When I was a kid, the Berrien County Youth Fair was the pinnacle of my summer. Everything led to the fair. All year long, I worked with three different 4-H clubs; I cared for my rabbits; practiced with my dog (“sit” and “stay” kind of stuff); I leather crafted (it’s a thing, really!); I wood crafted; I baked; and I horticultured (also a thing). In short, I lived for the fair. Every third week in August, the BCYF became home away from home, where I felt free to wander without parents, drink a gallon of shaken lemonade every day, and ride the pirate ship until my stomach churned. It was glorious.
It was tradition.
With the excitement of the fair approaching, I have been thinking of the BCYF traditions I want to share with my kids next week. What’s more, I wondered what traditions other fair-lovers, like myself, have continued and created with their families over the years.
Recently, I spoke with three local Berrien County Fairgoers–Maureen, Sarah, and Kelly– about their own fair traditions: showing animals, baking bread, and fair photography. No doubt, these ladies are looking forward to the fair and all the traditions (And maybe a bit of nostalgia from their fair-pasts.)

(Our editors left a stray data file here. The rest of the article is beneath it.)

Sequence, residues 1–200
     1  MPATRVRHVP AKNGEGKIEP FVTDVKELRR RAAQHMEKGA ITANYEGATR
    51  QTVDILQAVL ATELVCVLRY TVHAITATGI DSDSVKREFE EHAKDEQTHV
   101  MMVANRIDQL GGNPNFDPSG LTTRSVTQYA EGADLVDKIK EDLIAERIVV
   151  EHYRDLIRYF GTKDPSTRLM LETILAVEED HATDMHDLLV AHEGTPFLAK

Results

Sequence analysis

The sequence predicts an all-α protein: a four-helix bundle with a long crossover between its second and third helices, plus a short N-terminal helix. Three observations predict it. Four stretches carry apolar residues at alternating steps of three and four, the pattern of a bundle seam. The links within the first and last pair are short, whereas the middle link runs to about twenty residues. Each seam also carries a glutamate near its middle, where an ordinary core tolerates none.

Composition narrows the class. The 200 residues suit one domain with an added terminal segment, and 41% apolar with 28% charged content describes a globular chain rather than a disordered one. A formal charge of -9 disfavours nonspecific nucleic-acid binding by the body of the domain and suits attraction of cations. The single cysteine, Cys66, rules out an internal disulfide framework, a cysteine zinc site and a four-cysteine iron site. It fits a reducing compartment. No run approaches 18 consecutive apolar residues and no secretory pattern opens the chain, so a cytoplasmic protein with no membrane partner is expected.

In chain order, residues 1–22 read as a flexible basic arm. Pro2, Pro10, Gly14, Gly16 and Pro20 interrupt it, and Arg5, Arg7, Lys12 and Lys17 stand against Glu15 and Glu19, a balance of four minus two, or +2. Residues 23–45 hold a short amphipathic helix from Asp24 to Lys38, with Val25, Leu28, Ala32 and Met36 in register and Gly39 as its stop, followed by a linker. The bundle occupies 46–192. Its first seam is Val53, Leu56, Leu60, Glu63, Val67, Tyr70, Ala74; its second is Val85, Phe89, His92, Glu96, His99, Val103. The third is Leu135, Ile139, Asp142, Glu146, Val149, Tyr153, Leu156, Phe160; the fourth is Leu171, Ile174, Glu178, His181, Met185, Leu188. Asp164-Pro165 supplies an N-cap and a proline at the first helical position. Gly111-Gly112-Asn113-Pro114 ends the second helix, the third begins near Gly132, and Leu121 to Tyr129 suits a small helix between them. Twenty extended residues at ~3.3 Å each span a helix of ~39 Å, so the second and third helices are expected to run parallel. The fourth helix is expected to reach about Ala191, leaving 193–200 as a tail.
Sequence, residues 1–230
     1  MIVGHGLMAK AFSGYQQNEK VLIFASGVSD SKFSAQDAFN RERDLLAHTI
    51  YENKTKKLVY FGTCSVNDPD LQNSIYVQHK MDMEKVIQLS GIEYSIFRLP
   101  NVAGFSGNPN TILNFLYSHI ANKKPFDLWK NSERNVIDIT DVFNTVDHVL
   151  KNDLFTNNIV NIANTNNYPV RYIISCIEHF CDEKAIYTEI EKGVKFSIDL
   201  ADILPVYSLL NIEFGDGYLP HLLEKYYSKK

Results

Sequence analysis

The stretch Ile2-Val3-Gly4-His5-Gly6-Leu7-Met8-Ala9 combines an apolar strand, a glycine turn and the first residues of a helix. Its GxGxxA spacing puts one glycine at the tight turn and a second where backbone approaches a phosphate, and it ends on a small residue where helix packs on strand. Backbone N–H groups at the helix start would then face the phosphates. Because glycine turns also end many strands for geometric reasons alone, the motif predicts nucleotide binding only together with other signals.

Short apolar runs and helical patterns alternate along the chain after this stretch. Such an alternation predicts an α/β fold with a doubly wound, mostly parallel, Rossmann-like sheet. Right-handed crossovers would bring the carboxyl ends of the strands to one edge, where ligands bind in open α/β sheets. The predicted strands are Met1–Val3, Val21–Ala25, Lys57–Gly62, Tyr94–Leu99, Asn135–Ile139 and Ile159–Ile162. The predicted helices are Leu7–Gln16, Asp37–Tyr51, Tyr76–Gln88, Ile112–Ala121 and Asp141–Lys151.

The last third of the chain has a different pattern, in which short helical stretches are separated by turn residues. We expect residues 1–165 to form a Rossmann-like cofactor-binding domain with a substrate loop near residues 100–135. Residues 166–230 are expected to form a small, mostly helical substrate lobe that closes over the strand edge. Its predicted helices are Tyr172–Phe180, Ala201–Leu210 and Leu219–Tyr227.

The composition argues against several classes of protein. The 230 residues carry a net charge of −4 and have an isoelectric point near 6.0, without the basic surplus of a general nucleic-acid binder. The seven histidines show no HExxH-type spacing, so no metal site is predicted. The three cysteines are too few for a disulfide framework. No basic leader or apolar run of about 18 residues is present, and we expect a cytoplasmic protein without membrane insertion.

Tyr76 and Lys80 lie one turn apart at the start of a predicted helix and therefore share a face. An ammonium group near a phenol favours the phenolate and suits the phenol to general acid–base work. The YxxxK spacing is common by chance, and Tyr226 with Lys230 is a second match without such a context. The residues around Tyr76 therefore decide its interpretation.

The Horse Show Tradition
Maureen Pliley has been going to the fair since she could remember. For her, the horse area at BCYF feels like home. The soft dirt path, pockmarked with hooves; the long barns decorated with 4-H club signage; the intermittent announcements ringing from the arenas’ loudspeakers–this is her family’s tradition. Maureen started showing horses at the BCYF when she was only six years old. And this year, her six-year-old plans to continue the tradition and saddle up for her second year of BCYF horse shows.
Many families in our area show animals. Arguably, the fair is built on the tradition of showing. The shows that run all week long keep the east end of the fairgrounds alive with animals moving from stalls to arena with spectators perched on metal bleachers.